Toshimitsu Motegi, secretary-general of the ruling Liberal Democratic Party, signaled the party's intention on Thursday to promote discussions on constitutional amendments in the related panels of parliament.
"The time is ripe" for constitutional reform, Motegi said in an interview, showing the party's determination to pave the way for the Diet, the formal name of Japan's parliament, to propose constitutional revisions and conduct a national referendum on the issue.
"It's true that the number of political parties, forces and lawmakers in favor of revising the Constitution has increased" as a result of the Oct. 31 election for the House of Representatives, the lower chamber of parliament, Motegi said.
Lawmakers backing constitutional amendments now account for more than two-thirds of the seats in the Lower House as well as the House of Councillors, the upper chamber. Any proposal to change the supreme charter must be approved by at least two-thirds of members in each of the two Diet chambers before it is put to a national referendum.
Motegi said that the public awareness of emergencies is increasing due to the coronavirus pandemic, suggesting that the focal point will be revising the Constitution to add a clause to give the government greater authority in the event of emergencies.
He said he wants the Diet to have discussions to select priority issues from among proposals to be put forward by political parties.
Motegi revealed that the LDP will revamp its Headquarters for the Promotion of Revision of the Constitution into a headquarters for the realization of constitutional revision. The new name reflects the LDP's stronger commitment to constitutional reform, he said, noting that the party's platform includes the realization of constitutional reform.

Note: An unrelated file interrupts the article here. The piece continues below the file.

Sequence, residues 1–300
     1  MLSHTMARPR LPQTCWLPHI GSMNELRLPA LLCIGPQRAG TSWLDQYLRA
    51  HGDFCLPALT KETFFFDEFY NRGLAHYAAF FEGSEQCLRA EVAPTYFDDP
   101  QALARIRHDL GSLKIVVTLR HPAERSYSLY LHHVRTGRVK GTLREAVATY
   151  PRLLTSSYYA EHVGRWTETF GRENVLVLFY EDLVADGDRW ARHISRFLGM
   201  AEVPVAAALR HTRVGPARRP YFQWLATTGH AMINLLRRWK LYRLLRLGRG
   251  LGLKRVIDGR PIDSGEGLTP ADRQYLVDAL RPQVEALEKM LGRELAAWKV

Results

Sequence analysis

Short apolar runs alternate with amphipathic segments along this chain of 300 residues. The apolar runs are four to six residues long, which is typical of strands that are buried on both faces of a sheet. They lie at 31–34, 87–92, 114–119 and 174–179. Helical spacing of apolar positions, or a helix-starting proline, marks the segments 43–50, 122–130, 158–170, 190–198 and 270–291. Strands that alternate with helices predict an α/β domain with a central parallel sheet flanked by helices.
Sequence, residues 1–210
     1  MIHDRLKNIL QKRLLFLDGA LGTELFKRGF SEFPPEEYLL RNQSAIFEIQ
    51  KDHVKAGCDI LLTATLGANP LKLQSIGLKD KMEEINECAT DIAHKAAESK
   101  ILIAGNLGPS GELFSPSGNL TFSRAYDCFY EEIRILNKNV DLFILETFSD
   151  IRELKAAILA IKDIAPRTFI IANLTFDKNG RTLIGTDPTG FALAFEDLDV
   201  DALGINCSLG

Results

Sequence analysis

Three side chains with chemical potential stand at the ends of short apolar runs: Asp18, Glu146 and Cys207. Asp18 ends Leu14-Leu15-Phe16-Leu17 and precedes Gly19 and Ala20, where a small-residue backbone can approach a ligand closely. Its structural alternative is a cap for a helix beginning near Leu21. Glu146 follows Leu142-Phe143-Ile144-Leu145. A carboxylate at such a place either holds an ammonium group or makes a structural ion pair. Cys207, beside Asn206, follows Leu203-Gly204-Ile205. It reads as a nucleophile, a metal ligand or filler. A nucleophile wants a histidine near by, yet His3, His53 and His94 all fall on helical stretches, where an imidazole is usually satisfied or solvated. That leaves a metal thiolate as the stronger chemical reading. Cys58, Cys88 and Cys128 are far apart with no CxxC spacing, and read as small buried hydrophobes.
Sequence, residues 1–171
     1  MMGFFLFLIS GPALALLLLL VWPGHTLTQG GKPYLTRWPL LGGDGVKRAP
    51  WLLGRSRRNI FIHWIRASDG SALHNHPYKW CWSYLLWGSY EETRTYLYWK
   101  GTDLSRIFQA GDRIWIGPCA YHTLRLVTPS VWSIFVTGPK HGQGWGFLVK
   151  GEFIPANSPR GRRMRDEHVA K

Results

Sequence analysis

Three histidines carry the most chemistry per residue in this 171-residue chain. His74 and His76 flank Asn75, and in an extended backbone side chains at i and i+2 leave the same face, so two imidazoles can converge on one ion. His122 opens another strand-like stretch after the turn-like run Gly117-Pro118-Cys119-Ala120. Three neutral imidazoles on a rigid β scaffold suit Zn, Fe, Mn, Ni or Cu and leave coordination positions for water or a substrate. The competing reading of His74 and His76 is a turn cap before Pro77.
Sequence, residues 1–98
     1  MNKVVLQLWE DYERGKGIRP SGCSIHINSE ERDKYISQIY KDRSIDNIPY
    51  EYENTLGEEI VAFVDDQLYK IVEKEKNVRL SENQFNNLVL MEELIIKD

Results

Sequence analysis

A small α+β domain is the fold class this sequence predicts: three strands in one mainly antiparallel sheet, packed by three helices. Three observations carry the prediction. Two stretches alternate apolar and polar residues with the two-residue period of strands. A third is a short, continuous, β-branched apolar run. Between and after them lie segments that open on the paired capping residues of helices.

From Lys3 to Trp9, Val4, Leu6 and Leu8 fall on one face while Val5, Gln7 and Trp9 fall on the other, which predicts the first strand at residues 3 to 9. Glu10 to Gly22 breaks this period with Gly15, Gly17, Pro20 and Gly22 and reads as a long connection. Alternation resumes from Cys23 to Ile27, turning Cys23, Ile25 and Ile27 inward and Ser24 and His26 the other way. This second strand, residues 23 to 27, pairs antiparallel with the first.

Also in the interview, Motegi suggested that he intends to run for the presidency of the LDP in the future, expressing his eagerness to succeed Prime Minister Fumio Kishida.
While stressing that he will do his best to support the Kishida administration as LDP secretary-general, Motegi said, "I must meet the expectations of my factional colleagues and supporters at some point."
He outlined the LDP's plan to accelerate its preparations for the triennial Upper House election next summer.
The LDP hopes to maintain its momentum in the electoral districts where the party won seats in the Lower House election, while stepping up rebuilding efforts in the regions where it failed to do so, Motegi said. He declined to clarify a target number of seats for the Upper House election.
Motegi also said the LDP will hold the first meeting as early as next week of its party reform implementation headquarters headed by him.
Citing such challenges as limiting the terms of office for party executives, Motegi said, "I want to consider making rules as a modern political party."
He also said the LDP aims to hold online dialogue meetings with the public to reflect people's voices in its policy measures.
Regarding demands that the eligibility for child allowance should be assessed by total household income instead of the income of the head of the household, Motegi said that such an option is possible in future discussions.
"It's not necessarily an issue of incomes alone," he said. "The amounts of financial assets also matter, as well as whether you own your home or live in a rented home."
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